Finally, he contrasts these liberal social climbers with the heroic, religious, traditionalist Maccabees, who stood their principled ground with passion and commitment and eventually prevailed against these effete, comfort-seeking seducers.
So, Chanukah is the story of how the Maccabees saved Judaism from liberal sex fiends. Sounds like talk radio trash to me.
According to Klinghoffer, the Maccabees won because they were more sincere and were even prepared to die for their views and that their liberal opponents didn’t have the stomach for the fight. Klinghoffer fails to mention critical economic and political issues.
This was a revolt of the masses against the classes. The rebellion would never have succeeded without the widespread support from the urban lower classes and the peasants, who however religiously committed were strongly opposed to the merchants and landowners.
Klinghoffer says that he is watching the contemporary ideological battle from the sidelines and is curious to see how it turns out.
It sounds to this reader like he is not at all on the outside but rather a tendentious, passionate partisan of a very well-defined ideology, which is not very difficult to discover.
Long Island City, N.Y.
Call to Open Hearts Roots Yoga in Liturgy
In a February 27 letter to the editor, a Forward reader suggests that, by treating the Shema prayer as a call to openheartedness, I have stripped this sacred part of the Jewish liturgy of all meaning (“Yoga Service Empties Judaism of Content”).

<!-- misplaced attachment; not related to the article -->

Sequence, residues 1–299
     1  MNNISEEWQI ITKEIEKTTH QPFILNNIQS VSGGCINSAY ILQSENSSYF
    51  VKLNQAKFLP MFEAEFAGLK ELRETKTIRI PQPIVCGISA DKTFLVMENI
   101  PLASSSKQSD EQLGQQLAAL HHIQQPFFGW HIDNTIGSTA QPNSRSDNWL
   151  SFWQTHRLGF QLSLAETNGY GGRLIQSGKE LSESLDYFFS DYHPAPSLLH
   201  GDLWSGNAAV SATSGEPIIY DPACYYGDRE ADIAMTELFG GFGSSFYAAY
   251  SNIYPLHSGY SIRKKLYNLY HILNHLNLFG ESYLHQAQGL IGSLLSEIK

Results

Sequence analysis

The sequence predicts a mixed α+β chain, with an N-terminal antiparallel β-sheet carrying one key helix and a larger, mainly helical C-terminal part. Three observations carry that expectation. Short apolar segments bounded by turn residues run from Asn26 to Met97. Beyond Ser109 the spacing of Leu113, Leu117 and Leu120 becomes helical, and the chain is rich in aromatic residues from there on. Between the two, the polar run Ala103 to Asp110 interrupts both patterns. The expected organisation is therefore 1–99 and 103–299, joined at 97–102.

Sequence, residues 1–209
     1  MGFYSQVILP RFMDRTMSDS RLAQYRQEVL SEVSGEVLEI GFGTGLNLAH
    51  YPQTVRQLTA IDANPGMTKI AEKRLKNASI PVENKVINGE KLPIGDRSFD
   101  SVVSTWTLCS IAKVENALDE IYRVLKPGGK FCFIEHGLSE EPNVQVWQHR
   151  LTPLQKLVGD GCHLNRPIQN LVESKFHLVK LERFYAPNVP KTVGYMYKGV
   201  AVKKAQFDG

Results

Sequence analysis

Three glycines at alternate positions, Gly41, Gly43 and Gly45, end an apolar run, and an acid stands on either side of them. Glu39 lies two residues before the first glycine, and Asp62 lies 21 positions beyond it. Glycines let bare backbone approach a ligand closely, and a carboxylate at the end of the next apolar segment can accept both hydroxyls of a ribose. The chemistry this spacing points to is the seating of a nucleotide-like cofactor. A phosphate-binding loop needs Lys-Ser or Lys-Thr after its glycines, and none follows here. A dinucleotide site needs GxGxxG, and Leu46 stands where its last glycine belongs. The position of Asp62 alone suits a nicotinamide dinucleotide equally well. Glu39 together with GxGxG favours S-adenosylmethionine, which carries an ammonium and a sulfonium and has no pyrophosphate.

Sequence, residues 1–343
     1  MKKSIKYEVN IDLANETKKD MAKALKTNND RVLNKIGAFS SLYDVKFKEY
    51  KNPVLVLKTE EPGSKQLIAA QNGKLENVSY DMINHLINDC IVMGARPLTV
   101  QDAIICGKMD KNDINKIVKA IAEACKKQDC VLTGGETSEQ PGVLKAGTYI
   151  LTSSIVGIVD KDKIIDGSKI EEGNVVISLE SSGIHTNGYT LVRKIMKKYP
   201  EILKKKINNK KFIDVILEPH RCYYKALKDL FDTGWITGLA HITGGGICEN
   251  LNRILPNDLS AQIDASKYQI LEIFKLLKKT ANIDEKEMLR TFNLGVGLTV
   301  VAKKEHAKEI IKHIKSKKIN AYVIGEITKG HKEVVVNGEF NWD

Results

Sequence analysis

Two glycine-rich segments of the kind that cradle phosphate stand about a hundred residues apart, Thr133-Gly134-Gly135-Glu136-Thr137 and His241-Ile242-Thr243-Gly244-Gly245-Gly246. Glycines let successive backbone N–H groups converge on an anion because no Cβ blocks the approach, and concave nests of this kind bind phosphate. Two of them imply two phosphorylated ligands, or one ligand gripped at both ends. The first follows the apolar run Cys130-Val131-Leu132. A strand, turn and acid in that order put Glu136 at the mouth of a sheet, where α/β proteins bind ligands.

The letter writer is mistaken on two counts. First, he insinuates that to associate the Shema with openheartedness is to discard the prayer’s myriad symbols and meanings. Second, he fails to recognize the idea of openheartedness as an important aspect of Jewish faith and prayer, not only for Jewish yoga practitioners, but for Jewish worshippers of every stripe.
The Shema and the blessing that follows, known as the V’ahavta, signify an acceptance of the yoke of God’s kingdom and commandments.
Jewish prayer, however, is not strictly a contractual exercise, but a daily act designed to help us internalize ideas about our relationship with God and God’s creation and to recognize God’s immanent presence in our lives.
In traditional Jewish prayer, we recite the words in the prayer book while using symbols such as the prayer shawl, music, and choreographed bowing to nurture our connection to God. The Yoga Minyan simply employs a broader range of choreographed body movements to add another dimension to the spiritual intention of our prayer.
The prayers that precede and follow the Shema speak of God’s love for us and of our love for God. The postures that we assume for these prayers are an embodiment of these emotions.
Ideally, prayer should move us to act more in consonance with God’s will. To that end, in the Yoga Minyan we use our bodies in addition to our hearts and minds in an effort to bind ourselves closer to God.
In this way, we can stand, bow and stretch out our arms in praise of the Creator of our bodies, whom we refer to in our morning prayers as the Wondrous Fashioner and Sustainer of Life.
Rabbi Andrea London
Beth Emet The Free Synagogue